SA: I got my first job in television when I was 18, on the kids’ cable channel Nickelodeon, introducing the Rugrats and other programs. It was really thrilling. All I ever wanted, from maybe the age of 13, was to be on television. I was very excited by all the paraphernalia, like the earpiece and the microphone that got clipped on your sweater. And having fun with a crew and all that, I really enjoyed that. I had been pretending to be hosting a TV show in my bedroom since the age of 13, so to actually be on television doing that, and given money… That to me felt like something had really happened.
AVC: Did the fake show in your bedroom have a name?
SA: I used to love this show called The Big Breakfast, which was this anarchic morning show aimed at young people, where you saw all the crew, and the cameras were handheld. It was all set in a real house, and the different segments of the show would be happening in different rooms—there’d be an interview in a bedroom on a bed, or some other some other thing happening in the living room. I pretended that I was hosting that show in my bedroom.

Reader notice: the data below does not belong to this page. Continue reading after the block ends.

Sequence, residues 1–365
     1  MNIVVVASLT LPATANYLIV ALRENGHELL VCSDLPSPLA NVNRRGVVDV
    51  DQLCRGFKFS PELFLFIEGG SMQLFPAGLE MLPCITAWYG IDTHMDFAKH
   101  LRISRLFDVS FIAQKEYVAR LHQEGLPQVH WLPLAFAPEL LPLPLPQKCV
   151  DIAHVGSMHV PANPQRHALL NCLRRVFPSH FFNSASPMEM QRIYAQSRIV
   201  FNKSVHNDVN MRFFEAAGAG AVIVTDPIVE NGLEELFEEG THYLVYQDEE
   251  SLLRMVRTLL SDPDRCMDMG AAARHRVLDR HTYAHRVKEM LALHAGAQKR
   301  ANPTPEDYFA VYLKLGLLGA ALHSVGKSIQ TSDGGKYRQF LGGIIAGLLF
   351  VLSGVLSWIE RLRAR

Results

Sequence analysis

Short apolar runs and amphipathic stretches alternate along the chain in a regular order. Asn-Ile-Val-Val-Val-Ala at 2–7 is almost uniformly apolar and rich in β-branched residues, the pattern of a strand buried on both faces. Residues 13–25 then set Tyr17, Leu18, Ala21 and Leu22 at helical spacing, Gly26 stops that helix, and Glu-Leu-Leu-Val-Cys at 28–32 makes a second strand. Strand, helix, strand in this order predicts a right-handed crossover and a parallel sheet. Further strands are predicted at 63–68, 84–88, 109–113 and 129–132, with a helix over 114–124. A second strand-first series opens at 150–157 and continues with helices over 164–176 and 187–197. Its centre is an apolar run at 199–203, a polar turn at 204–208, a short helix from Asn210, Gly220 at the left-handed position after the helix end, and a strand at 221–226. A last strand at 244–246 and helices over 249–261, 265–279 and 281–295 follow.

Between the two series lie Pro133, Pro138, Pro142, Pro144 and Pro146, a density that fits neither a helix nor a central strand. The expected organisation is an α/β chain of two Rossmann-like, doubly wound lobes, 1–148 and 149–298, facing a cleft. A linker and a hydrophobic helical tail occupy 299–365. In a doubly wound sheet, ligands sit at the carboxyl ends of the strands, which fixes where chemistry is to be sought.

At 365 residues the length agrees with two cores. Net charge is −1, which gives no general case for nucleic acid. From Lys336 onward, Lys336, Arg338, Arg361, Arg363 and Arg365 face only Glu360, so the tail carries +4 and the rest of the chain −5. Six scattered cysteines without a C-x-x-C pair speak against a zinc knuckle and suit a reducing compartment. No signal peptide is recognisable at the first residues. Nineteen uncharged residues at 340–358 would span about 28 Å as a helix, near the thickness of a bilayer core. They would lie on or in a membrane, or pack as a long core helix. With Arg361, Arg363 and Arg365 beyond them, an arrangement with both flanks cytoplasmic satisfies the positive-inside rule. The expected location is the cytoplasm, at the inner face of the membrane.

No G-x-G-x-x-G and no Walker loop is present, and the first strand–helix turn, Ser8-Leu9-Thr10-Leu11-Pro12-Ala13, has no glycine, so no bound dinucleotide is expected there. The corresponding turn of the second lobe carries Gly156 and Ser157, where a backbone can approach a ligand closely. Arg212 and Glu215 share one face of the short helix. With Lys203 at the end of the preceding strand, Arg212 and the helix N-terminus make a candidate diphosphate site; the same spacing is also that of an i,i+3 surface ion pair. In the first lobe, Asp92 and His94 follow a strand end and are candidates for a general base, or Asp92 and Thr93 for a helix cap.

The main host was a guy called Chris Evans, and he ended up having his own production company and making other TV shows. When I turned 17, I ended up doing work experience with his production company. I met him briefly, and it was maybe the biggest thrill of my life up until that point. And I’ve seen him since, having sort of attained some peculiar status myself, and I tell him—I think it’s going to be very meaningful to him—I say, “You were my hero!” And he looks at me like, so what, it’s not of interest to him. [Laughs.] I feel like he should hug me! He should say, “I’m so glad I made a difference!” He just looks at me.
SA: So it would have to be villainous? Evil?
AVC: People have answered this in less-than-evil ways.
SA: Oh my goodness. [Long pause.] I’d say that people weren’t allowed to have… There’s got to be a way of phrasing this that isn’t totally insane. I think I’d ban all flags and make it a crime to anyone to have a sense of collective identity. I think that would sound harsh to people who like flags and who felt proud of where they come from, but ultimately it would lead to a sense of unity and compassion and love. It’s not villainous!
AVC: Some people might think you’re a villain for that, and call you a faceless communist.